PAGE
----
Mix-and-match wasn't necessarily easier or better back in the day, but the landscape of the geomatics profession was a lot less complex and was less global in scope. The gear we use isn't used exclusively by boundary surveyors, and it isn't used exclusively in a small part of the world.

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Posted : June 19, 2022 6:45 pm

OleManRiver
(@olemanriver)
100+ posts Member

Has anyone used Traverse PC. I am trying to set it up as a test in the next few months hopefully. From what I understand its cogo survey friendly. Its not cad / civil3d but we sometimes get caught up in the bells and whistles and it seems from reading about it pretty simple and can get the job done. I have always liked that Carlson has tried to allow whatever hardware be used as well. The big boys have been slowly cooking the frog for many years. Trying to force propriety but I say it will back fire at some point. Its to easy really to create hardware and software these days. Someone will fill the gap. We will be buying rtk gnss receivers at the box stores at some point.   

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Posted : June 19, 2022 7:29 pm
JPH liked
keithsCADservices
(@keithscadservices)
10+ posts Member

@rover83

Basic CAD is still basic CAD because it's, well, basic. There's not a lot of groundbreaking to be done there.

Kind of. There's really not much you can add to AutoCAD to make it "better". New stuff in fact makes it become more bloated. But there's much that can be done in the way of improving core functionality. Only in recent years have they finally added multi-threading capability, and only in some aspects. The program still performs relatively slow for what it is. The CAD Clones (see my post in the "Introductions" section) have recreated their programs from scratch and are therefore able to incorporate mutli-threading. AutoCAD itself very much agrees with my conclusion: Huge subscription fees but very little real development. Autodesk in fact likely charges more for it's core programs to compensate for it's misadventures in other areas.

Apologies for jumping around a little in this post. As for surveying software itself I have such a low level of knowledge that I cannot comment on which programs are good/bad and if there is a correlation between software improvement and whether it's perpetual/subscription based. My original remark was centered more on Autodesk products sans Civil 3D (which I only used in college). My intuition is telling me to seek out a perpetual license however. We'll see how that goes 😉

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Topic starter Posted : June 19, 2022 8:32 pm
JPH
 JPH
(@jph)
1,000+ posts Member

@olemanriver

Posted by: @olemanriver

Trying to force propriety but I say it will back fire at some point.

I won't be surprised if ICAD starts becoming more popular soon

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Posted : June 20, 2022 5:24 am

OleManRiver
(@olemanriver)
100+ posts Member
Posted by: @jph

@olemanriver

Posted by: @olemanriver

Trying to force propriety but I say it will back fire at some point.

I won't be surprised if ICAD starts becoming more popular soon

Well I would not doubt that. If we truly think about it we can just about use software to perform almost any task when it comes to adjustments like least squares post processing etc level data all from NGS. Yes its not as easy as OTS software but it can be done.  Then you will have to do the drafting portion somehow.  I love Trimble what I am learning about Trimble Business Center and it’s capabilities and just how easy it is to integrate data from multiple devices like gps terrestrial levels etc. I imagine we will see more and more little shops open up to try and fill the gap’s. Unless they get bought out by the big boys it could create some healthy competition and some very neat innovations.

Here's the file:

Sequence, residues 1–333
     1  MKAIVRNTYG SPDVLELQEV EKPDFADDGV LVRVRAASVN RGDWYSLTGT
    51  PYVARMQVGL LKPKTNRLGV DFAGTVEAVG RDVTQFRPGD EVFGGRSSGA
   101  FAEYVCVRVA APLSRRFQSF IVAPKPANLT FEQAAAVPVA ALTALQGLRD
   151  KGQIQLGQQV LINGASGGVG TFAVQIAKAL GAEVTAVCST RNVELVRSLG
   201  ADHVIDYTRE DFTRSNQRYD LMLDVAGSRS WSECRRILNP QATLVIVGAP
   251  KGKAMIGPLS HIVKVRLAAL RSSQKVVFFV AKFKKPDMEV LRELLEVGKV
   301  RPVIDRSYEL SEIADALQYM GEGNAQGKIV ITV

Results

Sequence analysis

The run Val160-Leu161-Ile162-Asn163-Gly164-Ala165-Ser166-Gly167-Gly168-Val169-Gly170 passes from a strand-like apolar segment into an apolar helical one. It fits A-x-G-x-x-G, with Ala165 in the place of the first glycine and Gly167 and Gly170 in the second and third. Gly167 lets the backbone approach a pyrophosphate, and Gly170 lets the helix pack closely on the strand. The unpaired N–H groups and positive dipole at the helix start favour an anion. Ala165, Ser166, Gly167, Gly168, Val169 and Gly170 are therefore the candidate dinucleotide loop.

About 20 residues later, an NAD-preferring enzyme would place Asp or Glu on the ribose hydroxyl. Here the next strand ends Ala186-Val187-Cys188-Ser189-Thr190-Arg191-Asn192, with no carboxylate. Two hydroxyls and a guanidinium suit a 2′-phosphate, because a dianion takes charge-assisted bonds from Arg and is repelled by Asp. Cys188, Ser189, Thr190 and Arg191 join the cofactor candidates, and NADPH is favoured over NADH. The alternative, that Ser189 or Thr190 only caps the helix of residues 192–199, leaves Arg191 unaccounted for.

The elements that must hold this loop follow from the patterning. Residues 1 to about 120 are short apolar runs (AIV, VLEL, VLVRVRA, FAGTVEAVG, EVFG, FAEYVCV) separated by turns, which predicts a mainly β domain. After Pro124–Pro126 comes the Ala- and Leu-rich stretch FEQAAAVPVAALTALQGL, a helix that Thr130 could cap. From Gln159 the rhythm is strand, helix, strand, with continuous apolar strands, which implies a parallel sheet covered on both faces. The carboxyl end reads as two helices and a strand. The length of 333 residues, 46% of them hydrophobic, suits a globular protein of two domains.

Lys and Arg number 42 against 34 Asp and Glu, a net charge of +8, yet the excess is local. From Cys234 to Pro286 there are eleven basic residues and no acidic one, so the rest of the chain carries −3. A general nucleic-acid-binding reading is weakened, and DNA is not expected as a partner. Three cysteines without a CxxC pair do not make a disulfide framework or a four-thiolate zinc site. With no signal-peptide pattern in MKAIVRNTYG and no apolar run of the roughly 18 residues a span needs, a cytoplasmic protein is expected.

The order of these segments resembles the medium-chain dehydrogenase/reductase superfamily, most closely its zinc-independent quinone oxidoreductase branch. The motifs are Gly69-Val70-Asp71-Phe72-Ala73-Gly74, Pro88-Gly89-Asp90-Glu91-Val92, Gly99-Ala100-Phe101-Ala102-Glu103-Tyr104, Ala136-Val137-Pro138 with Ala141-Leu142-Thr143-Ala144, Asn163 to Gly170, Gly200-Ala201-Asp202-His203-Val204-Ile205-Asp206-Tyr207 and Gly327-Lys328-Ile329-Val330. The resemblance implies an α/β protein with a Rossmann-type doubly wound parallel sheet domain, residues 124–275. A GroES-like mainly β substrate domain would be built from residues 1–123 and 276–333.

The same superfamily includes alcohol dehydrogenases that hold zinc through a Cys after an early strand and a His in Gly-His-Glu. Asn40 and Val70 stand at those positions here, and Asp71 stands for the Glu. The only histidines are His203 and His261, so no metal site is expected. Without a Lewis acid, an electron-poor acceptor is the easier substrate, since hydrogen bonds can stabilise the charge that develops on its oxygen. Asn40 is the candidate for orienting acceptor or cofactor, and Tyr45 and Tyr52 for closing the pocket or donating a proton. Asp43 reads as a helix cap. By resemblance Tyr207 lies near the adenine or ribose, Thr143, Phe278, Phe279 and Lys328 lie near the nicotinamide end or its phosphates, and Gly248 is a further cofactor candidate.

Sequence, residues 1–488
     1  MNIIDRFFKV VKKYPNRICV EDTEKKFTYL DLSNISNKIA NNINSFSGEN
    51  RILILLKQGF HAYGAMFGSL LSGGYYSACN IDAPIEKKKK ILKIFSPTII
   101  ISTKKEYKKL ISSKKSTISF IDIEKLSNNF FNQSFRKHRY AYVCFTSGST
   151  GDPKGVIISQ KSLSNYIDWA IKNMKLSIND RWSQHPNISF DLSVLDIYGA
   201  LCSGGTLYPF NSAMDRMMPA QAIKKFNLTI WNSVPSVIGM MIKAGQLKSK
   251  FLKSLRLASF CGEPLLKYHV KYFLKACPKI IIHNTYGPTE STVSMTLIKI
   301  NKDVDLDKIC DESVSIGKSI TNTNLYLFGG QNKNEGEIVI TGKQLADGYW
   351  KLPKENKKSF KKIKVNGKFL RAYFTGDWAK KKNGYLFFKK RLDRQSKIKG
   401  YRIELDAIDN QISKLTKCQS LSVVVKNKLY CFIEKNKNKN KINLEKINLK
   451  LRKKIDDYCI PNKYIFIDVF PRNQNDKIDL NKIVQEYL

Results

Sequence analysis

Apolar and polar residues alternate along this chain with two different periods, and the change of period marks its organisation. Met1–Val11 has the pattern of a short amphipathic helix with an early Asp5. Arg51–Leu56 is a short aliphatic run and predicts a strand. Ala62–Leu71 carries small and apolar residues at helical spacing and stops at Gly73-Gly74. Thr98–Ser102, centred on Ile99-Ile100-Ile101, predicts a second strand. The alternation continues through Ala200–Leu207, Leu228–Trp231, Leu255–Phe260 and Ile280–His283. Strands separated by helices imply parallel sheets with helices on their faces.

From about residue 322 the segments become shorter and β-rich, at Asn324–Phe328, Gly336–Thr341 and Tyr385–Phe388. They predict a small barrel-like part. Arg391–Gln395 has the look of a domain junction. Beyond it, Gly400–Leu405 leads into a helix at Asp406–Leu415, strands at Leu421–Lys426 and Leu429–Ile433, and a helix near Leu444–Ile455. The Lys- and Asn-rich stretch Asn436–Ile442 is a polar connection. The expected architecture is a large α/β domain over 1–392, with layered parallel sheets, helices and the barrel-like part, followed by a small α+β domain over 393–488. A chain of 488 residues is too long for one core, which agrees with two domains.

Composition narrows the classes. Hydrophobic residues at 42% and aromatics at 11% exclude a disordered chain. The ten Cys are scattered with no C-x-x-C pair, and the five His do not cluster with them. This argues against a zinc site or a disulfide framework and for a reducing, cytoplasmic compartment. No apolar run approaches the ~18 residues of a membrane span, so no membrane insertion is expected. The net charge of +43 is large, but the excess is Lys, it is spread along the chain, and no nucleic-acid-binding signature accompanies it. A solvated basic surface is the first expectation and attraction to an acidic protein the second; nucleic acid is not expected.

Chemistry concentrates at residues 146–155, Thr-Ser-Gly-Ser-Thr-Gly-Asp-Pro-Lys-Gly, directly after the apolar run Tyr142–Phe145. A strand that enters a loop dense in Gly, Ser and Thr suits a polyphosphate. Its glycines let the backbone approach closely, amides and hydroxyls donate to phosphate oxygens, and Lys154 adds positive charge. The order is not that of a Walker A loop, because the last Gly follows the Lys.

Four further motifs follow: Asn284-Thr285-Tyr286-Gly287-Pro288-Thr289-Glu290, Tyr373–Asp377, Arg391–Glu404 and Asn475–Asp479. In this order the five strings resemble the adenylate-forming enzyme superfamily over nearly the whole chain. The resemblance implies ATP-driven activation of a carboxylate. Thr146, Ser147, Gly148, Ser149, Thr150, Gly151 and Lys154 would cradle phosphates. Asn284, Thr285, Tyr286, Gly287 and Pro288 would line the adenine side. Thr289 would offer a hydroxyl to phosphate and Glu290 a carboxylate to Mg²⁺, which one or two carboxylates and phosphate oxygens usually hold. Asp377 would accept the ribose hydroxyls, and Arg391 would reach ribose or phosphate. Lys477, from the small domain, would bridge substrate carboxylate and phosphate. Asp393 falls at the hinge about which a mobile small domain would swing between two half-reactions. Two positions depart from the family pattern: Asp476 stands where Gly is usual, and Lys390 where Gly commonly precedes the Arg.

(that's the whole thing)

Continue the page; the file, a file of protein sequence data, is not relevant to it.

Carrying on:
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Posted : June 20, 2022 6:26 am
John Putnam
(@john-putnam)
1,000+ posts Member
Posted by: @chris-bouffard

Equipment manufacturers are increasingly not playing nice in the sand box.  Pretty sooon, all the major manufacturers will be totally propriatary. 

I'm not sure about Trimble, but Leica does supply a path to utilize their instruments with 3rd party data collection.  For a fee you can purchase a GeoComm license that opens them up.

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Posted : June 20, 2022 6:47 am
Rover83
(@rover83)
1,000+ posts Member
Posted by: @keithscadservices

Kind of. There's really not much you can add to AutoCAD to make it "better". New stuff in fact makes it become more bloated. But there's much that can be done in the way of improving core functionality. Only in recent years have they finally added multi-threading capability, and only in some aspects. The program still performs relatively slow for what it is. The CAD Clones (see my post in the "Introductions" section) have recreated their programs from scratch and are therefore able to incorporate mutli-threading.

Very few CAD programs make use of multithreading for standard CAD operations - even the new ones. The nature of CAD itself makes it extremely difficult to develop code to support multiple cores. Drafting and mapping functions are linear/iterative and trying to multithread those is simply not worth the effort, not only for Autodesk but for others as well.

Some things that intersect/overlap with CAD operations benefit from multithreading, like 3D modelling, and support has been added for them (albeit slowly). But for the vast majority of CAD functions, you're better off targeting a higher core clock speed than adding more cores. Whether or not a CAD program uses multithreading for fundamental CAD work (which is rare) isn't really a benchmark for how "good" the software is.

As far as subscription-based licensing goes, it's being implemented not only from a profit standpoint, but also from a portability standpoint. For instance, any of our field or office staff can log in on any data collector, or on any PC, and pull data from the cloud to work on in the field or post-process in the office, without carrying an easily-lost $3000 USB drive or having to login to our server every single time. With as much workshare and cross-office collaboration as there is these days, it does make us a lot more flexible and reactive than in the past.

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Posted : June 20, 2022 7:36 am